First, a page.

Remember the days of your hormone-driven youth? The angst and awkwardness seemed to last forever, but thankfully it was a short moment in time. Peach fuzz eventually turned to full-blown facial hair. Annoying acne flare-ups were traded in for clearer skin. But for some, acne left behind a permanent reminder of adolescence – scarring. Can a beard cover acne scars? Maybe.
A beard can cover acne scars if the scarring is light and there is enough healthy skin to produce thick hair around the area. The key to covering up facial scarring is letting the surrounding facial hair grow long enough to lie down and hide the area.
Read on to learn more about acne and beards!
How beards cover acne scars
Acne is the most common skin problem. Eighty percent of us will encounter facial bumps by the age of 30. Acne can present differently, from small whiteheads to deep, painful cysts. The deeper acne lesions go, the more likely they are to result in scarring.
Men have a chance to cover up unsightly scarring by growing a beard.
Beards cover acne scars when the hair above the scarring is long enough and thick enough to grow over and hide the damaged area. Shorter beard styles often won’t provide enough coverage to cover bald spots.
These scars can present as pitted marks or raised areas. In either case, the hair follicles under the skin have been damaged. Healthy follicles are needed to grow hair. Since we are born with a set number of hair follicles, the damaged ones can not be regenerated.
This can result in bald spots when growing a beard.
Can beard hair still grow on acne scars?
Statistics show that 1 out of 5 acne sufferers will encounter scarring. If the scars cover a good portion of your lower face, this can adversely affect your ability to grow the beard of your dreams.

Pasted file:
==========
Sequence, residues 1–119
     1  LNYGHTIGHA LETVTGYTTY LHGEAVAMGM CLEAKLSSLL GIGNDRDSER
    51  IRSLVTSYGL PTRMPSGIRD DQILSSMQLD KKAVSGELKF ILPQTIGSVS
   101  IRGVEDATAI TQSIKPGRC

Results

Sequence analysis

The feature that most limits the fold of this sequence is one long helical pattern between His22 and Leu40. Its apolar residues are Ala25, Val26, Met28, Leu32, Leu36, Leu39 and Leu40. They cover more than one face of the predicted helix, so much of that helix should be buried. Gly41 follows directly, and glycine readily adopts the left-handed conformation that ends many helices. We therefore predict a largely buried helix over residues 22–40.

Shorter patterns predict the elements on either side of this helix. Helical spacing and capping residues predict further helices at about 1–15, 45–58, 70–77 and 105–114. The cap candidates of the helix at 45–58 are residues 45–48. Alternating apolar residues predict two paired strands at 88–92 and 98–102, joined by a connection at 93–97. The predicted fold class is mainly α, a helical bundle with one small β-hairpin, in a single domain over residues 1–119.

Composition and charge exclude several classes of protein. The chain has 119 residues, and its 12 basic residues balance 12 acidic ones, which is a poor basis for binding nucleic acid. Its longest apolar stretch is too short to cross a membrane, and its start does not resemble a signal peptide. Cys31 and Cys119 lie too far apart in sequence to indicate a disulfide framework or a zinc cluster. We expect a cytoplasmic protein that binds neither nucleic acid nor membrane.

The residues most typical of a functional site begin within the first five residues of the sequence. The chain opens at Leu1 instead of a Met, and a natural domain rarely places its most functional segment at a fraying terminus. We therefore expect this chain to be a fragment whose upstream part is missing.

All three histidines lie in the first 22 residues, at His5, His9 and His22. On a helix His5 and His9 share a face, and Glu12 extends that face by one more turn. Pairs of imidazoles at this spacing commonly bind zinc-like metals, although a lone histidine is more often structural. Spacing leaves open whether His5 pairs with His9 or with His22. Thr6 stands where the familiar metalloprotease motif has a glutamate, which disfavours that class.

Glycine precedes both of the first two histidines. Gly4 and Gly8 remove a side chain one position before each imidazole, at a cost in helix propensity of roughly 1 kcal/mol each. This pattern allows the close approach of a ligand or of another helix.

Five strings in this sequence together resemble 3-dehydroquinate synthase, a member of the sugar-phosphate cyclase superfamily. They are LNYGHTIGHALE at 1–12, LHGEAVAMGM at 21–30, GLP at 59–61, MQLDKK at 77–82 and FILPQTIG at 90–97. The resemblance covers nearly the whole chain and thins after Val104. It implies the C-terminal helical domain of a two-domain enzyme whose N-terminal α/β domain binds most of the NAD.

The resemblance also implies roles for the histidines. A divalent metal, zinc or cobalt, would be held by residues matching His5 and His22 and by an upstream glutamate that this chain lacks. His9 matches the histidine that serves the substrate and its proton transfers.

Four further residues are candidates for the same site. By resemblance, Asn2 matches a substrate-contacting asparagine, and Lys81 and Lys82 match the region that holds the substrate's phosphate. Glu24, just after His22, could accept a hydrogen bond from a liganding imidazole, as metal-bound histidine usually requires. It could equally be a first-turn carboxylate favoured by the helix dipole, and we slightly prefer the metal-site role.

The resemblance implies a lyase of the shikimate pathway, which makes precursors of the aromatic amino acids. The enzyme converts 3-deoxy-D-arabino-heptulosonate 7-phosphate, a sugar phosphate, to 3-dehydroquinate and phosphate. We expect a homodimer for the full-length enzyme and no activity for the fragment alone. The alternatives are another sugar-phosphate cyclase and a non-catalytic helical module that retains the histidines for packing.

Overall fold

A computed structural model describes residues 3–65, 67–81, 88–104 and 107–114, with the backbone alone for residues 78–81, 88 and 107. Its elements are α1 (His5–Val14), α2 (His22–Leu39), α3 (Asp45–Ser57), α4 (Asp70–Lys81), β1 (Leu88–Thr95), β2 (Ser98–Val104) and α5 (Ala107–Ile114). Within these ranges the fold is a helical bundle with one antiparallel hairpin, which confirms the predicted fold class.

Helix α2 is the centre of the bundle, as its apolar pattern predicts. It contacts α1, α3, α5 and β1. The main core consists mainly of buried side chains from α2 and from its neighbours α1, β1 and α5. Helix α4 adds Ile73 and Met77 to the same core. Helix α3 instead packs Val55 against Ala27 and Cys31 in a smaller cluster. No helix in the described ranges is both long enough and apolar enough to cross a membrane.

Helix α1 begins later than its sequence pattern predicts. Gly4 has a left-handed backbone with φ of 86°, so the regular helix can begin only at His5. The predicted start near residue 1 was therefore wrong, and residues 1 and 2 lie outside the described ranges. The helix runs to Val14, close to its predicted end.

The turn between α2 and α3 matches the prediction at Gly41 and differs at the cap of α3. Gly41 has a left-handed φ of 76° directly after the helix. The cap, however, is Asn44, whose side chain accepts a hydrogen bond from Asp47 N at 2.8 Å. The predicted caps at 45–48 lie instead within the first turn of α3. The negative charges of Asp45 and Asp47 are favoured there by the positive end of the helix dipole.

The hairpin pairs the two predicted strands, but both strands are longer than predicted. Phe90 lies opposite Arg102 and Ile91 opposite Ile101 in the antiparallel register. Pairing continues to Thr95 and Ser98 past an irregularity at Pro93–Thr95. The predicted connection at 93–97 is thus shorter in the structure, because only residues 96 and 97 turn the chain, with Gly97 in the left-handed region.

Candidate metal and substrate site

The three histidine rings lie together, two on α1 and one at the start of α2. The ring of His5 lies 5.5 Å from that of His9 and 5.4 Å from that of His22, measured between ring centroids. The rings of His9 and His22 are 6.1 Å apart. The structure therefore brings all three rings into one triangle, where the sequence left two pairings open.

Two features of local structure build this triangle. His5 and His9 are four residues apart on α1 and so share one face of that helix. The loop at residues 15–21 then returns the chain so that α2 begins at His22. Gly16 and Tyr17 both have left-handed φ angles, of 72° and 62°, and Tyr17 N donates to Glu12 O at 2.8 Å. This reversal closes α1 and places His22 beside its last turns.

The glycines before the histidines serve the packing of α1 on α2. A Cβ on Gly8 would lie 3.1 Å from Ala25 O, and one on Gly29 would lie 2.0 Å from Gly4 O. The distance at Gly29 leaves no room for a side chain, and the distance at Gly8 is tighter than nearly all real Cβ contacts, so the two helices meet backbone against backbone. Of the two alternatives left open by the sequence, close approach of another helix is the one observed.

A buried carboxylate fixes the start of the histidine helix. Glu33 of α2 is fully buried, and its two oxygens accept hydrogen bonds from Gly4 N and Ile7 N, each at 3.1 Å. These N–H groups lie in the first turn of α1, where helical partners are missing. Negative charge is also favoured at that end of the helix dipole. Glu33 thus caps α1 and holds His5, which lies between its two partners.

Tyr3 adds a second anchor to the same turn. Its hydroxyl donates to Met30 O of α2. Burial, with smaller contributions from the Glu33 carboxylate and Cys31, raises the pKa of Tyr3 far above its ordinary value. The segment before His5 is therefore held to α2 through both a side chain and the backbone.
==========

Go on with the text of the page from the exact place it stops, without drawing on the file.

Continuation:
Beard hair can not naturally grow on acne scars due to hair follicle damage. A surgical procedure called follicular unit transfer can insert hair follicles taken from the scalp into scarred areas. Beard hairs can then grow from these transplanted healthy follicles.
The follicular unit transfer is similar to scalp hair restoration. Existing hair follicles are harvested from areas of the scalp where the hair is the thickest. The follicles are moved and inserted into small incisions or needle punches in the scarred area.
Since these follicles are healthy and intact, the transplanted hair can now grow in the regions scarred by acne, thus filling out the beard.
As you can imagine, this process can be time-consuming and expensive depending on the number of grafts used. However, this advancement can be a beard savior if you have widespread acne scarring.
Do acne scars stop facial hair growth?
The scars you can visibly see on the skin don’t tell the whole story. Damage has occurred under the skin too.
Acne scars do stop facial hair growth when the underlying hair follicles and blood vessels have been damaged.
Blood vessels give needed oxygen to hair follicles stimulating hair growth. The hair follicles stop producing when this mechanism is cut off due to injury.
It is possible to have a superficial scar where the hair follicles remain intact, but most scarring injuries go deep enough in the skin to result in irreparable follicle damage.